If your financial aid is affected by an academic suspension, appeal to the financial aid program for a waiver to retain aid.
Understand that your financial aid program may only continue funding if your poor academic performance was due to events beyond your power, including a disruptive life event or health issue.
You may still be able to retain financial aid if you switch programs or colleges. Your overall GPA may be improved by a new major that does not include failed classes, which keeps you eligible for financial aid. This is only a loophole, so is not reliable as a strategy to graduate.
Make sure to contact the office for financial aid for your financial aid appeal, scholarship eligibility after an academic suspension or to transfer your financial aid to another institution.
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What to do after an academic dismissal/suspension
You need to make good use of your time—develop successful plans to prepare for your return and fundamental skills needed to succeed in college (including study skills, writing skills, and time management).
Consider the following during your suspension period to come back stronger:
Take an academic time off
If you experienced challenges during the semester between balancing school and personal/family concerns, use this time to resolve those concerns. After resolving the issues, try to heal quickly or recover from the concerns and return refocus on academics.
Take courses at a different institution
Depending on your school’s policy, courses you take at another institution during an academic suspension are not accepted as credit towards your degree.
However, courses at another institution, including a post-secondary institution or community college may help you to develop relevant skills to improve your performance when you return. Such skills include:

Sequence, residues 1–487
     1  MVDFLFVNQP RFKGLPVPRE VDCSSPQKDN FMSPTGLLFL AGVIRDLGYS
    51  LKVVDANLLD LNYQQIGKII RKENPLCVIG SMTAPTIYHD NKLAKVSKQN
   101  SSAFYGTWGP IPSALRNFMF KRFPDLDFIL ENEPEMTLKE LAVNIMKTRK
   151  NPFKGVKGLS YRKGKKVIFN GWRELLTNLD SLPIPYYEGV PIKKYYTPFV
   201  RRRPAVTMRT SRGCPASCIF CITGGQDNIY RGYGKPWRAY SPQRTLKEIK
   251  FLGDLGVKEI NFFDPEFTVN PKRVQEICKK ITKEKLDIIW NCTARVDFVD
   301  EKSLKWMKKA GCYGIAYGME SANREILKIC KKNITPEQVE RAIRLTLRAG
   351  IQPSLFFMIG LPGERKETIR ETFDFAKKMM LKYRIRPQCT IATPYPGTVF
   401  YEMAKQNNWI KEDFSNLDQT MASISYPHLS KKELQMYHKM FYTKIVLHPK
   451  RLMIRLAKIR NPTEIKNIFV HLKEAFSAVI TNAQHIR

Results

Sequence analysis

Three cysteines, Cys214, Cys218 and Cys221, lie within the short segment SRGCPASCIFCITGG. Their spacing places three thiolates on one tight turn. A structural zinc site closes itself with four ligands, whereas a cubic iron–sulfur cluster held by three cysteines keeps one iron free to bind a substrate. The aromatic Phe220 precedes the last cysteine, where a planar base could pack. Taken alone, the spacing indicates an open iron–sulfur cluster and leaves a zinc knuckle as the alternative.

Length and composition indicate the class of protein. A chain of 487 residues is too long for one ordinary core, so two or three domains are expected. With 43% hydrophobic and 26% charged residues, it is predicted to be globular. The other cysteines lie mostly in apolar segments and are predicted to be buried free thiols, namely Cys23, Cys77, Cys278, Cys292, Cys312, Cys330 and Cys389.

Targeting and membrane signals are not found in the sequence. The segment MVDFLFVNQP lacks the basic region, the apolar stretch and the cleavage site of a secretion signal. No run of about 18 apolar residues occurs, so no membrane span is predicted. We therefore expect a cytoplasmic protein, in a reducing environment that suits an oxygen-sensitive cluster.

- Writing skills
- Study skills
- Time management
Refer to your school’s policy regarding academic dismissals to know if courses from other institutions count towards your credit.
Get a job or volunteer
Take your time away to work or volunteer in a service. This helps you to gain experience and perspective, as well as save some money for future studies, especially if you work your way through school.
Rethink your college/university career
The academic suspension also gives you the opportunity to rethink your career in the university or college. Perhaps, you attended school just because it is the thing to do, without a solid plan regarding where your degree will lead to. Use this period to reevaluate your future and seek assistance from professionals.
How do you return at the end of your suspension term?
Depending on your school, you may be able to apply for readmission online by submitting a re-entry application through your school’s office of admissions.
Check the academic calendar so that you can apply for readmission before registration opens for the semester you have to return. You want to apply for readmission about 3 weeks before the start of the upcoming semester to have sufficient time to meet with your assigned faculty advisor and register for classes.
Be ready to address personal changes to enable you to gain more academic success if the school allows you to return to your studies.